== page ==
It’s probably happened before. You’re hiking and then you get thirsty. You suddenly realize that you don’t have any water with you or you’ve run out. Hiking without water can be a miserable experience, so in this hiker’s guide to water we are going to go over some ways to make sure you have enough, and if you run out, how to get more.
1. Bring It
This one should be the first priority of every hiker. If you can carry all the water that you need for your hike, then you don’t really have to worry about it. The amount of water you need will change from person to person, and also depending on the climate of the area you are hiking in. Generally one liter is good for every two to three hours that you’ll be hiking, but it’s generally best to err on the side of caution. Also, when doing longer trips it is impossible to bring all of your water with you.
When you first start hiking, you’re probably bringing water bottles with you. If you start hiking more and more, you’ll find that drinking water out of bottles is very inefficient. You have to take it out of your pack, you have to unscrew the cap, then put it back in your pack, and then you’ve got to carry the bottles back down.
Pretty soon, you’re going to want a solution for that and you’ve probably seen other hikers on the trail, sipping on a hose coming out of their pack. Behold, the water reservoir! We use the CamelBak 3L on all our hikes. You can buy the reservoir to put into your current pack, or you can buy a pack with the reservoir built-in.
2. Filter it
If you are doing a hike or backpacking trip that is long enough to justify not bringing all your water with you then make sure to pack a filter. The big thing when dealing with water is ensuring that it is safe to consume. Even the cleanest of creeks may have bacteria in it which may make your trip incredibly unpleasant.
There are a variety of ways to filter water, ranging to pumps to UV pens to iodine tablets. Technically it is best to filter water using a traditional filter and then use a UV pen to kill any bacteria.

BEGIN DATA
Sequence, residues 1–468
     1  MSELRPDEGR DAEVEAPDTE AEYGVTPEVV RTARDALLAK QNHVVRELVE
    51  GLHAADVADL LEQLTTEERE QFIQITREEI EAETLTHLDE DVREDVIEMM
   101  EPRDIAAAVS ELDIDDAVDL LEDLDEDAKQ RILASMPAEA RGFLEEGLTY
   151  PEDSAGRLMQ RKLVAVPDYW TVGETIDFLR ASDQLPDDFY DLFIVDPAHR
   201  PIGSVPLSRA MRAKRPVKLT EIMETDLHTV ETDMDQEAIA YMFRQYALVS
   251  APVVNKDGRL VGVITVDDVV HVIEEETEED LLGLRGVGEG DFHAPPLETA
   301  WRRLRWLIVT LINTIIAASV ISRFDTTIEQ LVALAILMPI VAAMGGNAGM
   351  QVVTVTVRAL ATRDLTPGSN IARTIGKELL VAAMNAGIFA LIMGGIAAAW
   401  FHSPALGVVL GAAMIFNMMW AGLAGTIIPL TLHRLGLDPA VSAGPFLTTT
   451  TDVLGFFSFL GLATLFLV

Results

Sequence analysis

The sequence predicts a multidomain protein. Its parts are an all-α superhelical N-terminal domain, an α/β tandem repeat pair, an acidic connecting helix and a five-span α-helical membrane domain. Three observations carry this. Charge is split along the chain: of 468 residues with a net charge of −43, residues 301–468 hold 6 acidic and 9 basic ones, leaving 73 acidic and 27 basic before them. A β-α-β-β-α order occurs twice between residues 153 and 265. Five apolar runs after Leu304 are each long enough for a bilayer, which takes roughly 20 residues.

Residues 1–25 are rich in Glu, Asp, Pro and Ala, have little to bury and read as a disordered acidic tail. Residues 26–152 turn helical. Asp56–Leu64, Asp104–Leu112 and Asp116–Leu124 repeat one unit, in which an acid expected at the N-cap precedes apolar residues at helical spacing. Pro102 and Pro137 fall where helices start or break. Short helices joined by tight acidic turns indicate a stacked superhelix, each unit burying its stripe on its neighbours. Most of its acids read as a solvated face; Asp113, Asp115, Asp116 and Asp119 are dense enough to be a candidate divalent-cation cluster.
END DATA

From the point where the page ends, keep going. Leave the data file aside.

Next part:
Iodine vs Filters
You might be wondering what the tradeoff for iodine vs regular filters is? Mostly it is weight. Iodine only weighs a couple of ounces, while the lightest of pump filters will be around a pound. However, this weight savings comes at a considerable cost. While pump filters will have your water ready almost instantly, most iodine tablets take 45 to 60 minutes to actually treat the water. Also, almost all of them will leave a somewhat chemical aftertaste in them.
Since the iodine is so light, you can always carry it in your pack as you never know when you or someone may need to treat some water.
3. Boil it
Boiling water to make it safe to drink is a very time-honored way of doing it. Most hikers and backpackers have pretty limited amounts of fuel for their camp stoves and some places don’t allow fires. There are some scenarios when boiling water makes sense, the most obvious is when you don’t have any other way to filter it. Another possible scenario is when camping in a place where all of the water is frozen, then melting and boiling snow can provide you with safe water to drink.
4. Eat it
Many foods, especially fruits and vegetables contain a large amount of water. While eating may not be what you want if you are really thirsty, the juices from any fruits and vegetables you might have in your pack might be enough to get you to the next place where you can re-supply.